Prone Dural tension signs Femoral stretch Palpation Spinous processes Interspinous ligaments Iliolumbar ligaments Sacroiliac ligaments Neurological testing DTR S1/2 Motor L2/3, S1/2 Dural tension signs L3 nerve root Palpation: of osseous and ligamentous structures. Physical Exam
LBP – Osteopathic Considerations • What will be your highest yield regions? • How does previous trauma influence these regions? • Which 1 or 2 of the aspects below has the greatest influence on the patient complaint? • Pain • Hyper-sympathetic influence • Parasympathetic influence • Fluid Congestion • Devise a focused examination based on the patient’s complaint • What are your expected findings? • Your expected palpatory findings (TART/STAR) ? • What are the acute or chronic aspects?
LBP – Osteopathic Considerations • Propose an appropriate differential diagnosis • Devise an appropriate treatment plan based on musculoskeletal components involved in the patient complaint • What are the dose and frequency considerations? • What are the OP – IP – ER considerations? • Devise an appropriate manipulative approach or technique w/indications and contraindications • How are you going to talk to your patient about their complaint? • How will you communicate your findings, diagnosis, and treatment to your preceptor?
Treatment Sequence • Leg restrictors • Pubes • Superior innominate Upslip (shear) • Lumbar Spine • Sacrum • Innominate • Iliopsoas
Sequence Rationale • Leg restrictor muscle problems will affect the bony attachments of the innominate, sacrum, and pelvis • Treatment of the innominate, sacrum or pelvis will not be as effective without treating leg muscles first • Articular dysfunction will return more rapidly if muscular problem not resolved during treatment
Treatment Techniques • Techniques that could be used include: • Direct techniques: • HVLA • Muscle Energy • Articulatory • Indirect techniques: • Strain Counterstrain • Functional Methods
MET – Lumbar – FRLSLSeated Technique • Patient seated: • left hand holding right shoulder • Pt’s right arm dropped at the side • Operator: • straddles pt’s left knee & left hand grasping the pt’s right shoulder • Control the pt’s left shoulder with the left axilla • Right middle finger monitors the L4-5 interspinous space • Right index finger monitors the left transverse process of L4 • Localization:Trunk Translation Anterior to Posterior to introduce L4-5 Flexion Greenman, English 2nd ed., p.282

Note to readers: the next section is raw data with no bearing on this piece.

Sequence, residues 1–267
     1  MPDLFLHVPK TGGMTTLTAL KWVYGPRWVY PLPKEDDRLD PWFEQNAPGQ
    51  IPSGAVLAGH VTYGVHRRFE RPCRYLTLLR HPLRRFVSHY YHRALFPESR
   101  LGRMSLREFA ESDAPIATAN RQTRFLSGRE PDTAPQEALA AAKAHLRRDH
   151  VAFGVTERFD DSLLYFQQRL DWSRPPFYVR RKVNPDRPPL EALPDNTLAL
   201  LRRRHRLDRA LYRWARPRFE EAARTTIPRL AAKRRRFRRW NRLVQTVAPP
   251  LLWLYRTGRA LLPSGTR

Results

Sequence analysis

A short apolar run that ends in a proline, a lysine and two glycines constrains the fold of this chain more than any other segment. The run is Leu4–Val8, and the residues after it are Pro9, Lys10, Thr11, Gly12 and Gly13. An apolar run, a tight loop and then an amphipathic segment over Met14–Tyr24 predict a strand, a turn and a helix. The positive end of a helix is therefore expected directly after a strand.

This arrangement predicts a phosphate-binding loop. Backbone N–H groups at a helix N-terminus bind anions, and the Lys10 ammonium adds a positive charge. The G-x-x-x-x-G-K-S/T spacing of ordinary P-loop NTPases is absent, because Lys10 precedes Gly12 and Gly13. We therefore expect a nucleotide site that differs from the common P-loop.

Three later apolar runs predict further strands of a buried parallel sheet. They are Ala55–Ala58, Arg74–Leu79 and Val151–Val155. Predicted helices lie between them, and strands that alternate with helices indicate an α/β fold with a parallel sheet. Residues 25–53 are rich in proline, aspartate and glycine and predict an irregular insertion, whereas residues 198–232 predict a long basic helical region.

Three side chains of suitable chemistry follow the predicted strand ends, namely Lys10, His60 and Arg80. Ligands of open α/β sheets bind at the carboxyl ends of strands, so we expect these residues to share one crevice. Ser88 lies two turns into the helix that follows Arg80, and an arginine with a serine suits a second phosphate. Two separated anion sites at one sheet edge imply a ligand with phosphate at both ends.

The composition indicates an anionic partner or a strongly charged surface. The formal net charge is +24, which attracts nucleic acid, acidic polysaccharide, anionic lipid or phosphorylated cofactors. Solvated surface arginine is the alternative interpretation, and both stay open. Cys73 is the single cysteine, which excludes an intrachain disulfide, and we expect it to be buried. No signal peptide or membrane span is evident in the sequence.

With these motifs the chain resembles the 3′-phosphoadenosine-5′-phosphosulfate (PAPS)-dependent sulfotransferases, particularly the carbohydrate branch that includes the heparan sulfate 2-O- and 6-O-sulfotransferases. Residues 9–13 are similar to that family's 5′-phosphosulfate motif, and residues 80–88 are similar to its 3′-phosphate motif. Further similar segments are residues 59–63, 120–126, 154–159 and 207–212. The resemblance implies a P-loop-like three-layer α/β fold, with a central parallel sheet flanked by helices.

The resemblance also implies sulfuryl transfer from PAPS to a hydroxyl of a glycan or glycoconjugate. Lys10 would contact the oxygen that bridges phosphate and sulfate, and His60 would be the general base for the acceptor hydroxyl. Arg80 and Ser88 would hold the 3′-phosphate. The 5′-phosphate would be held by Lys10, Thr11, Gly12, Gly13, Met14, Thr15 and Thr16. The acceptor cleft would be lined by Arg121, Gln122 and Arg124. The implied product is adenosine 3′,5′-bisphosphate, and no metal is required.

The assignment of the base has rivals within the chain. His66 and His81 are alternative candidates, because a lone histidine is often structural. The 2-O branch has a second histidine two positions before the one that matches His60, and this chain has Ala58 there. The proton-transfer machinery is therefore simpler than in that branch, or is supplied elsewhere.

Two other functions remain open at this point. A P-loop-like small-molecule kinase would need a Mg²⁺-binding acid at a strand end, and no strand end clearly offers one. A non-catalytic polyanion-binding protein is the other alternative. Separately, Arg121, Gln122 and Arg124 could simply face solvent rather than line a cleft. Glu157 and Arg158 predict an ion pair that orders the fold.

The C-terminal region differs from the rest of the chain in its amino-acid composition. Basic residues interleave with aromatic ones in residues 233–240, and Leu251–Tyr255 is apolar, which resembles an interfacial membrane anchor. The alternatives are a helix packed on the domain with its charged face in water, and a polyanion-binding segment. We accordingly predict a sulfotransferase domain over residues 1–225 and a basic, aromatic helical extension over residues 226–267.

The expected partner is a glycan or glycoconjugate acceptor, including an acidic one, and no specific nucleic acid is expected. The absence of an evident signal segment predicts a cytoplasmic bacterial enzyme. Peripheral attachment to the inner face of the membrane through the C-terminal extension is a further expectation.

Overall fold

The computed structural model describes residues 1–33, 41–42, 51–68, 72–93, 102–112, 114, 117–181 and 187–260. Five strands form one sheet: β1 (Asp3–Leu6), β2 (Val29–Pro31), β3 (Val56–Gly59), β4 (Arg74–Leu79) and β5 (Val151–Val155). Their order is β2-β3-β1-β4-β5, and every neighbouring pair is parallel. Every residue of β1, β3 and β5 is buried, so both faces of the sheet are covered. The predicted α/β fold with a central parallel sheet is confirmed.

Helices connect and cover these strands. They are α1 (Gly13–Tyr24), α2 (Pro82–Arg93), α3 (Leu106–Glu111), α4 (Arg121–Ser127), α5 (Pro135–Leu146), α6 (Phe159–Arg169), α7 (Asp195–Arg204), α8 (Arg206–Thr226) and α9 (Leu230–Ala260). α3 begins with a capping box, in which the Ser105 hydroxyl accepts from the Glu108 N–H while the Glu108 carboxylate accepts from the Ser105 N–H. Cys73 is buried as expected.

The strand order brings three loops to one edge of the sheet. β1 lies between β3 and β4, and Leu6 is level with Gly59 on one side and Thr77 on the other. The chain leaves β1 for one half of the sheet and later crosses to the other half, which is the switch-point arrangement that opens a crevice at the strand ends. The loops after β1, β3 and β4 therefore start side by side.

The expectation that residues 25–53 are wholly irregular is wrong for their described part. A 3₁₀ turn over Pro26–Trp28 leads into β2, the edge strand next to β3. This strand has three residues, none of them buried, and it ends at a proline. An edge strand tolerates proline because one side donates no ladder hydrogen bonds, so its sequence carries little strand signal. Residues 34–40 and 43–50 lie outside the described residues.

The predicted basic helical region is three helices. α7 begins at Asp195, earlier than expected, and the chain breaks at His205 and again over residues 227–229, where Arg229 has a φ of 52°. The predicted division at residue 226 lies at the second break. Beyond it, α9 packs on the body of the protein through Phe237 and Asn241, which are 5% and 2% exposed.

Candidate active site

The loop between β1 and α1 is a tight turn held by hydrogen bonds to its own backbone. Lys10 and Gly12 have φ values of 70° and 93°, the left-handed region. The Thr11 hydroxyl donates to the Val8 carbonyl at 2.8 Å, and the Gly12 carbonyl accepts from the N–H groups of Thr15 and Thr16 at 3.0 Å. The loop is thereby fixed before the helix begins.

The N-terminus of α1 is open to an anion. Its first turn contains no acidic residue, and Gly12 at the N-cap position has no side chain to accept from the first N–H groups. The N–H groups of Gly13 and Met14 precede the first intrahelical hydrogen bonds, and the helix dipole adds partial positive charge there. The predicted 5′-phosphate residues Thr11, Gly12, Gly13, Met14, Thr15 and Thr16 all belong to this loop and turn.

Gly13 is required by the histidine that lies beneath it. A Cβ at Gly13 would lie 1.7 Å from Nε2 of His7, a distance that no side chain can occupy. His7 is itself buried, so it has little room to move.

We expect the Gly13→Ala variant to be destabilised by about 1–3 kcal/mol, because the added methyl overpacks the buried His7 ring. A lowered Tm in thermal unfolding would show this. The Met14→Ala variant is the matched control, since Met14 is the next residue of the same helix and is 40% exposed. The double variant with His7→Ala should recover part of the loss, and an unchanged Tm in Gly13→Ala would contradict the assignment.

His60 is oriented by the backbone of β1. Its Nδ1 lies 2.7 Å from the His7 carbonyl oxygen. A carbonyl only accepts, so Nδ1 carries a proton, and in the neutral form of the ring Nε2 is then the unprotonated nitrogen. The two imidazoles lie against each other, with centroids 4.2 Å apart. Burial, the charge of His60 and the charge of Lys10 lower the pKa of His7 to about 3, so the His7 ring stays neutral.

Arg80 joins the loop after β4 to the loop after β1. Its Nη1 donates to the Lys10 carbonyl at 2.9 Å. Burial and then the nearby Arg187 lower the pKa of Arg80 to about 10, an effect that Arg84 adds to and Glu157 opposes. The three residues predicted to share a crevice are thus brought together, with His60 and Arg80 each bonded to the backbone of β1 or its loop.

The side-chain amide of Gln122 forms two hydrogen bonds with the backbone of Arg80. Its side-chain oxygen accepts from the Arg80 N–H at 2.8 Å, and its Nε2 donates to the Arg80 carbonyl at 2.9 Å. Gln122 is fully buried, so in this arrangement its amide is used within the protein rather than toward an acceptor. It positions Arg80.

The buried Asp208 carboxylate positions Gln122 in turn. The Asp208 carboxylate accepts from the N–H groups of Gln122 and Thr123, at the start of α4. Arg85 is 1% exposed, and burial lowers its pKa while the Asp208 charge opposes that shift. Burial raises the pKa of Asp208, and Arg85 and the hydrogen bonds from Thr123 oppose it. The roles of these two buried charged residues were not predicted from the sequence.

MET – Lumbar – FRLSLSeated Technique • Pt side bends left against operator resistance • Isometric contraction, relax, reposition, repeat until sidebending & rotation resolution • Forward bend the pt (to fully open zygapophysial joints) while maintaining right rotation • Pt attempts extension • Pt cooperation: Ask the pt to reach for the floor to help introduce right sidebending & rotation Greenman, English 2nd ed., p.282-3
MET – Lumbar – FRLSLLateral Recumbant Technique Fine tune extension by moving shoulders posterior to feather edge of L4 movement Maintain shoulders perpendicular to table for right sidebending Fine tune extension by moving shoulders posterior to feather edge of L4 movement Fine tune extension from below via the lower extremities
MET – Lumbar – FRLSLLateral Recumbant Technique • LE abduction enhances R SB from below & sets pt up for ME effort – adduction • Repeat • Pt reaches behind under guidance to grasp side of table; this enhances right rotation & sidebending • Left hand cephalad translation to barrier; (for right sidebending) • Right elbow resists pt attempt to turn left • Repeat Greenman, English2nd ed.,p.292
Neutral Technique Slide Neutral SRRL Notice the physician’s right arm under the pt’s right axilla – allows easy sidebending left. Physician’s Left Thumb palpates the posterior transverse process.
Side bend pt. left using easy control via the right axilla • Rotate right by gently carrying the right shoulder backward • Isometric force 3-5 seconds, reposition, repeat
References • Ward, R.C., Foundations for Osteopathic Medicine, 1997, Williams and Wilkins, Baltimore, MD: 337-345, 591-592, 583. • Acute Low Back Pain, MCARE Guidelines, 2005, http://mcare.org/media/pdf_autogen/cpg_lowbackpain_mcare05.pdf